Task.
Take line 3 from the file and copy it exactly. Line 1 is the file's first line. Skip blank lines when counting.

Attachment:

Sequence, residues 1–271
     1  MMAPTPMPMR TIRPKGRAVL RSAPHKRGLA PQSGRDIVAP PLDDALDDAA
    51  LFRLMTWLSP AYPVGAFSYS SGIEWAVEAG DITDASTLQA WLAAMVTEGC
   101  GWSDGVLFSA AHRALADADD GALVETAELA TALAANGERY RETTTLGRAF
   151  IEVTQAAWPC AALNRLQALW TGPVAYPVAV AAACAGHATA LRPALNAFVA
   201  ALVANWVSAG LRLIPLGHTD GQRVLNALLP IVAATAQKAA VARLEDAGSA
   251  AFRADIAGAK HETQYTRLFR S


    51  LFRLMTWLSP AYPVGAFSYS SGIEWAVEAG DITDASTLQA WLAAMVTEGC